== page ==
Perceived Credibility of Print vs Digital News
Designed & executed a small study to determine the trustworthiness bias of print & digital media, wrote a whitepaper detailing our findings.
As a final project for INFO 470, Research Methods in Informatics, I and a team were tasked with conducting a real-world research project on a topic of our choosing. We chose to examine the perceived differences between print and digital news. When asked to rate an article on 11 dimensions of credibility (bias, professionalism, accuracy), how would their responses change.
Our question: would the same article be seen as less biased depending on if it was from a printed publication or a web source?
If we could discover a common difference in these responses, we could uncover an inherent bias (regardless of actual content) for/against a certain medium.
To accomplish this, we developed a small interview script where we would have participants read an article on either a print or digital source, rate the article on the aforementioned dimensions, and then read another article in the other medium. It was key that each article we tested was available in print (e.g. in the newspaper) and digital (e.g. on that newspaper’s website), so that we could evaluate the differences in these perceived value for the exact same content. While our study did not interview enough people to reach statistical significance (this project was unfunded and more to demonstrate our knowledge of the content), what data we produced did return both an interesting and a strong correlation towards inherent differences in perception of the articles.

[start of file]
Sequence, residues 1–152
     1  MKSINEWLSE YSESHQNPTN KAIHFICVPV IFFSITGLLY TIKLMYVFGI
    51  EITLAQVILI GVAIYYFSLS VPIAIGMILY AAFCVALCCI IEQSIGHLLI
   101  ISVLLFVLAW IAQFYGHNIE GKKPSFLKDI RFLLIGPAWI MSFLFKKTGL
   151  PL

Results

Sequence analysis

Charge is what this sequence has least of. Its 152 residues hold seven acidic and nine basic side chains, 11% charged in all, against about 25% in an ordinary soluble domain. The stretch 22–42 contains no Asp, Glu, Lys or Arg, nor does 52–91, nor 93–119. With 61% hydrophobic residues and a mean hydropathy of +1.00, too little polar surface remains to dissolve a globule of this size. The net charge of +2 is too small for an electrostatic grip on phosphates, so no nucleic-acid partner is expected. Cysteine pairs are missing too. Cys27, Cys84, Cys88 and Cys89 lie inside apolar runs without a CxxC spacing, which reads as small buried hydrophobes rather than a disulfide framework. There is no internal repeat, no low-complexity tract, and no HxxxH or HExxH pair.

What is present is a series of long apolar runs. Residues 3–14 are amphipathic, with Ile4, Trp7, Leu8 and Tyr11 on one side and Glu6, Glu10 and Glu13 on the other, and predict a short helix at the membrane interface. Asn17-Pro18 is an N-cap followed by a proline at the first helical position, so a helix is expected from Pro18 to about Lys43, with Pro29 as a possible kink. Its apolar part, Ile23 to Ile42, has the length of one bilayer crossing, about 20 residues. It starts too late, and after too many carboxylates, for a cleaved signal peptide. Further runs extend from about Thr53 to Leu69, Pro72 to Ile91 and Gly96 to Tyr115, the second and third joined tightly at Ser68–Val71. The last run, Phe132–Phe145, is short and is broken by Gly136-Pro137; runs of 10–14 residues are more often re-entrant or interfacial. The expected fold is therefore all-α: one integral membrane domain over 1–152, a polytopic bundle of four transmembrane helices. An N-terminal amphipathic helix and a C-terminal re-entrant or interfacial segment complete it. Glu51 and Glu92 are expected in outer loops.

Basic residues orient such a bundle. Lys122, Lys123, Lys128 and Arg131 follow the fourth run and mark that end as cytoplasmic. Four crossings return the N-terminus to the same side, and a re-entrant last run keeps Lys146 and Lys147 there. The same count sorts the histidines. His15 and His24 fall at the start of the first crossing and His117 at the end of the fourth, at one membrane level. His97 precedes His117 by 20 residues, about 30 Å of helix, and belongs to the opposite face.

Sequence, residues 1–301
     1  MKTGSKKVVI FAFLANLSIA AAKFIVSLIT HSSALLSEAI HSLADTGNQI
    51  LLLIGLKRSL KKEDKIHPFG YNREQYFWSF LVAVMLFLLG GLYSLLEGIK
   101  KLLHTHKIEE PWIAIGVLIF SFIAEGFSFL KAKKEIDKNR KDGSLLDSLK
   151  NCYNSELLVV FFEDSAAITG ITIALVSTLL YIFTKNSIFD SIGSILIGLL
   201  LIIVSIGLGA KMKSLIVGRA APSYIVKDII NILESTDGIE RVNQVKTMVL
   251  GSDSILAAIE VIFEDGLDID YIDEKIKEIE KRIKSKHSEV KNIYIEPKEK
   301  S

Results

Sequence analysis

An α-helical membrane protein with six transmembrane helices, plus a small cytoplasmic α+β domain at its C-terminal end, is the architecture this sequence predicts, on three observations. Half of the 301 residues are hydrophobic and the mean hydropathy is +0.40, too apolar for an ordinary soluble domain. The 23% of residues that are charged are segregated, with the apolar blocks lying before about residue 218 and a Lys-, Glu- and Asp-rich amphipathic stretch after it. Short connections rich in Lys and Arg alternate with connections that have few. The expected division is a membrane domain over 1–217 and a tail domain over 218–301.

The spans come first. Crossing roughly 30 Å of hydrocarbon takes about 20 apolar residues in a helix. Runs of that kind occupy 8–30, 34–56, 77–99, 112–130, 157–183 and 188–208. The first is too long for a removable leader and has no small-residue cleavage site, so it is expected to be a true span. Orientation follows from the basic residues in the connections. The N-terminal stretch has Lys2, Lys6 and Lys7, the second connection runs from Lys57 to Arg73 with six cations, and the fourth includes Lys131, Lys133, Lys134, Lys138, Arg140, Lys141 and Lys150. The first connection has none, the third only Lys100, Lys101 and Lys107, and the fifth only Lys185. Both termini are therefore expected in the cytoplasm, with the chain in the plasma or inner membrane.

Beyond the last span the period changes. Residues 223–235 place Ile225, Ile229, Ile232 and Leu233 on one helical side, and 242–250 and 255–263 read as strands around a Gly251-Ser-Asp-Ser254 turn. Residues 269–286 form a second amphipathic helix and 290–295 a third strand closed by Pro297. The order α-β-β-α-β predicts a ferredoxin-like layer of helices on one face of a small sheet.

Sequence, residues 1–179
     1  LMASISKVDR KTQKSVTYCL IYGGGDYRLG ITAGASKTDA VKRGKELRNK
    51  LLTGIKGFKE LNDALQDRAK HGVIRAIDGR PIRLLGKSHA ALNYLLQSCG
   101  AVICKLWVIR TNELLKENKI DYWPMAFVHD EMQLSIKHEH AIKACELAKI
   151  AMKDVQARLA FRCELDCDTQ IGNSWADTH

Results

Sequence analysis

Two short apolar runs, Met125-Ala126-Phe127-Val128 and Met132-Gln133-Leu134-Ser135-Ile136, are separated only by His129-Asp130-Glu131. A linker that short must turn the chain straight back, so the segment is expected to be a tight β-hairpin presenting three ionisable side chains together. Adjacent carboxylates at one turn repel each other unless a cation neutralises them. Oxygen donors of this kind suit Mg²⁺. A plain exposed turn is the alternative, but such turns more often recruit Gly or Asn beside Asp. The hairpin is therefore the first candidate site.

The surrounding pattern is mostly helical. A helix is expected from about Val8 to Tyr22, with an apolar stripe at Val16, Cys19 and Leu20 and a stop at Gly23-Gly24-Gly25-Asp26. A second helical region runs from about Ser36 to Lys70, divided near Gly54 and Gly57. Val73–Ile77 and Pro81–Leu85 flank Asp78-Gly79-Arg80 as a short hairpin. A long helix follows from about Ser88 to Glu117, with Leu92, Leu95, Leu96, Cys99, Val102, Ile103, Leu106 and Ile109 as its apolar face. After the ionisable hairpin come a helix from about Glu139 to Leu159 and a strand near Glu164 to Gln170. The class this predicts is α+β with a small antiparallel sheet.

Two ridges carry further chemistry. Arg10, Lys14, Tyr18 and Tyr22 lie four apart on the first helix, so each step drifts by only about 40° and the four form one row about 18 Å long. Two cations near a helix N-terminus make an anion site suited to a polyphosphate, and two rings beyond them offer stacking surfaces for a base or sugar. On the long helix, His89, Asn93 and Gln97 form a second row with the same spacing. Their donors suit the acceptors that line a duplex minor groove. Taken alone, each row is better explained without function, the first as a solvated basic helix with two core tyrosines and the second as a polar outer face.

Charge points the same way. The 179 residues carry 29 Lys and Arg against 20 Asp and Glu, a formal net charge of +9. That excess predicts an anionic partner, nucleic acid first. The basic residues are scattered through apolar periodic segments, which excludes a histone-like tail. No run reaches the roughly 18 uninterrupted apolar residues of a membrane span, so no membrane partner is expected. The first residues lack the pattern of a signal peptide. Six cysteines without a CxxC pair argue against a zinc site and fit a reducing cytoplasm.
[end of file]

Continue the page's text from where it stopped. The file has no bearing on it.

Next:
We found that on average about 20% fewer of the respondents considered the same article trustworthy, accurate, and factual when the article was moved from a printed to a digital format, and likewise we discovered a 25% increase
in the number of respondents who considered the article biased when moved from physical to digital.
This data would suggest a strong and inherent bias to consider news content found online less trustworthy and more biased than news content found in a physical format.